Apple may accelerate push on mobile payments
With its new mobile payment system, Apple is likely to use its market power to accelerate adoption of smarter retail payment technology and boost security amid growing concern over hacking.
Apple, as part of an ambitious series of product announcements Tuesday, unveiled its "Apple Pay" system that will allow consumers with the upcoming iPhones to tap their handsets at retailers instead of using debit or credit cards.
Apple chief Tim Cook said the Apple Pay system would replace an "antiquated payment process" with "an entirely new" system offering greater convenience and security.
Cook said that each day in the United States, alone, "that's 200 million times that we scramble through our credit cards and go through what is a fairly antiquated payment process."
Apple Pay will use a dedicated secure chip that communicates with a retail terminal through a near-field communication (NFC) antenna in the phone.
Even though this technology has been available for years, adoption in the US has been slow because of competing standards, analysts said.
Cook said other efforts have failed because the companies introducing mobile wallets were working on the basis of "their self-interest" instead of the user experience.
Banks lined up
Apple has lined up most of the largest US banks for the system, and many big retail outlets have agreed to install compatible payment terminals.
This helps solve the "chicken and egg" conundrum that has prevented widespread adoption of mobile payments, said Roger Kay at Endpoint Technologies.
"You need consumers to get the enabled systems, and retailers and banks to process all that," Kay told AFP.
Apple Pay supports credit and debit cards from American Express, MasterCard and Visa, issued by banks including Bank of America, Capital One, Chase, Citi and Wells Fargo, representing 83 percent of credit card purchase volume in the US.
The payment system will launch in October at some 200,000 retail locations, including Bloomingdale's, Duane Reade, Macy's, McDonald's, Sephora, Staples, Subway, Walgreens and Whole Foods Market.
"Security and privacy is at the core of Apple Pay," said Apple vice president Eddy Cue.
"When you're using Apple Pay in a store, restaurant or other merchant, cashiers will no longer see your name, credit card number or security code, helping to reduce the potential for fraud.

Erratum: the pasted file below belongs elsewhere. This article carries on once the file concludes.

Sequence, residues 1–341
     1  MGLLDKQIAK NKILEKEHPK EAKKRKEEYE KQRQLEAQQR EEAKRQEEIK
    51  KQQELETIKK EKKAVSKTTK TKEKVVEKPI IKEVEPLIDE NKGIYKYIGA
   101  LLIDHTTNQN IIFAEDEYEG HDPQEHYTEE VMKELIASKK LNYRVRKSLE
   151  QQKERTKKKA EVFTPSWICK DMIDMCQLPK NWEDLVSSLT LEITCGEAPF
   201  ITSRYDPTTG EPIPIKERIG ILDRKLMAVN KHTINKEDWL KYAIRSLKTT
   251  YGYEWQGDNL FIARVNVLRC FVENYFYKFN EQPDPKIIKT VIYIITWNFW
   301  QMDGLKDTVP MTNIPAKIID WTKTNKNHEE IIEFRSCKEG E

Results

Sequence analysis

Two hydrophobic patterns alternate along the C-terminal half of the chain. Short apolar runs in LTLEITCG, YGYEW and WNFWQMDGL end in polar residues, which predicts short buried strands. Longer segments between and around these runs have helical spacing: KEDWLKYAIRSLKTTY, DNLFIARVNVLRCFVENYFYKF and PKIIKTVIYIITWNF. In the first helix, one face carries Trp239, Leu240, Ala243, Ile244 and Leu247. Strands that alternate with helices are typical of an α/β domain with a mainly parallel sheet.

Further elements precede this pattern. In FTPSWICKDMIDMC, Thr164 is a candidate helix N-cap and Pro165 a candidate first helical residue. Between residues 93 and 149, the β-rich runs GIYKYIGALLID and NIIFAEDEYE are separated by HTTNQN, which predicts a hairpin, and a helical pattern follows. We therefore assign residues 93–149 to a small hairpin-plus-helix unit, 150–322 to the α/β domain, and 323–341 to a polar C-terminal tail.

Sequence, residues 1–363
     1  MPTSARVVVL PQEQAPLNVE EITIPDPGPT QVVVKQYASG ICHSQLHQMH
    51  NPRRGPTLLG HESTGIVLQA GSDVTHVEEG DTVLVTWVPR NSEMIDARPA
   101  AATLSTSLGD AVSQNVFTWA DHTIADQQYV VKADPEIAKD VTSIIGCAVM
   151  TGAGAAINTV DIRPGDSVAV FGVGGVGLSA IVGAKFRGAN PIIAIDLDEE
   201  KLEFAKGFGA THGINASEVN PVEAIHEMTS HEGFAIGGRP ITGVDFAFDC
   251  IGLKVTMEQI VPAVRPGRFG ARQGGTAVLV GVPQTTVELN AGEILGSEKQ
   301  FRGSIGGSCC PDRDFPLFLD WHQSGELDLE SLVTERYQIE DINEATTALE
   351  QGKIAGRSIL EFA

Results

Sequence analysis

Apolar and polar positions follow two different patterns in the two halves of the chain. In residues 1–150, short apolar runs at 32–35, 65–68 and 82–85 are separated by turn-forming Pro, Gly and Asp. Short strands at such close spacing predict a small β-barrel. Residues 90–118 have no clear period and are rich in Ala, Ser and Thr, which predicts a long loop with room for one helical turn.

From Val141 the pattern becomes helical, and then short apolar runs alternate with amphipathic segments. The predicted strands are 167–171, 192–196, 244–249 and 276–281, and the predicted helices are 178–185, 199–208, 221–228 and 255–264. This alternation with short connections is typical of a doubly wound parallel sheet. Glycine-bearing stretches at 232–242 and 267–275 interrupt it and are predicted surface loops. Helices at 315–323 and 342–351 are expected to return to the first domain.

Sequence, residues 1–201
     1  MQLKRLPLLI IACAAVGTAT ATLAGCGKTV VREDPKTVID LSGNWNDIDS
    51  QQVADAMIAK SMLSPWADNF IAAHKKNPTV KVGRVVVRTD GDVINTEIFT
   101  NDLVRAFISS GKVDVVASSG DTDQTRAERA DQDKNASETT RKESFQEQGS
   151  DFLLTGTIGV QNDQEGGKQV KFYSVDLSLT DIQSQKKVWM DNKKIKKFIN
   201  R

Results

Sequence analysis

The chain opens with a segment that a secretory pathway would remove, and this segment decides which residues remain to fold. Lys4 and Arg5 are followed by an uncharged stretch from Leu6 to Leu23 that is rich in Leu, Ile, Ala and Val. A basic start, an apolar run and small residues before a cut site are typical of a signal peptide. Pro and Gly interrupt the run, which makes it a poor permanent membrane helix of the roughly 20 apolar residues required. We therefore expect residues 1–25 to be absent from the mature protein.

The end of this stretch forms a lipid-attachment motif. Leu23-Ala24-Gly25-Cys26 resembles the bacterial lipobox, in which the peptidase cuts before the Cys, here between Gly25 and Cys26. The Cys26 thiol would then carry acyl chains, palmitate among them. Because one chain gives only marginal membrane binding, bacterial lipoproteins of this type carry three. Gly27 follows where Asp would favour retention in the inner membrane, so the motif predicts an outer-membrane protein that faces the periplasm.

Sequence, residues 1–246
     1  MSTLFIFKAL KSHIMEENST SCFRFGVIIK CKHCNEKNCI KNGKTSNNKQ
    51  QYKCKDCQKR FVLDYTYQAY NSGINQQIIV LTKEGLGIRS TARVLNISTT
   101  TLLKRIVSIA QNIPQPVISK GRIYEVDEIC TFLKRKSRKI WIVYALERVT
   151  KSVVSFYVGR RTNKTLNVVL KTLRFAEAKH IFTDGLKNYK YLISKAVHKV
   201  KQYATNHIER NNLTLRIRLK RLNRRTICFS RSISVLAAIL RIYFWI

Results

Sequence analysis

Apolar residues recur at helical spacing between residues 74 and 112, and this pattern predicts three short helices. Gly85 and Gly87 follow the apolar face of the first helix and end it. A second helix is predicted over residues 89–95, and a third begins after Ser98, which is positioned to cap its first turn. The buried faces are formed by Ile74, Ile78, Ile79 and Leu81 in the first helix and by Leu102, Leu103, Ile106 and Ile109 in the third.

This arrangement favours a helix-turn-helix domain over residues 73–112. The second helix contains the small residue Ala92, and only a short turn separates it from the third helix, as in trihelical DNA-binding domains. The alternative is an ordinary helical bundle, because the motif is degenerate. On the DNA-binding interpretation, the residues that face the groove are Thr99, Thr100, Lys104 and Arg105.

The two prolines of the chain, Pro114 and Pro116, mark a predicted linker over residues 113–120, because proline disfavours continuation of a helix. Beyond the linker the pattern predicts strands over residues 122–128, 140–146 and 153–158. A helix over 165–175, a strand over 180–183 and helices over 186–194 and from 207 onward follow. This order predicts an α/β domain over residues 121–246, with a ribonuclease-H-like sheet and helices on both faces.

"Apple doesn't collect your purchase history, so we don't know what you bought, where you bought it or how much you paid for it."
Payments can also be made through the new Apple Watch, which will allow users of older iPhones to use the system.
Igniting interest in mobile
"Apple Pay will ignite consumers' interest in mobile payments by providing a seamless, secure, and easy way to pay both in store and on the go," said Denee Carrington at Forrester Research.
Gartner researchers predicted recently that mobile payments would top $721 billion, with some 450 million users, by 2017, but noted that growth has been sluggish in North America.
Eden Zoller at the research firm Ovum said Apple's launch "is nothing new in the m-payments space," but noted that "if anyone can help make this happen then it is probably Apple, although it will need strong partnerships."
And research firm IHS noted that "Apple holds a number of advantages" over others because "it already has millions of user credit card details on file from Apple IDs, which users can choose to simply add to Apple Pay."
IHS said Apple already has strong software and hardware integration to store information and that by focusing on hardware sales it does not need Apple Pay to generate additional revenues.
Endpoint's Kay said some questions remain, notably whether Apple will allow rivals to tap into the system
"Apple doesn't alway play well with others," he said. "Apple is jealous about how it holds technology to its chest."
If other players in the sector want to use a different system for Android devices, "that may be an inhibitor because a lot of people don't have Apple phones," Kay said.
© 2014 AFP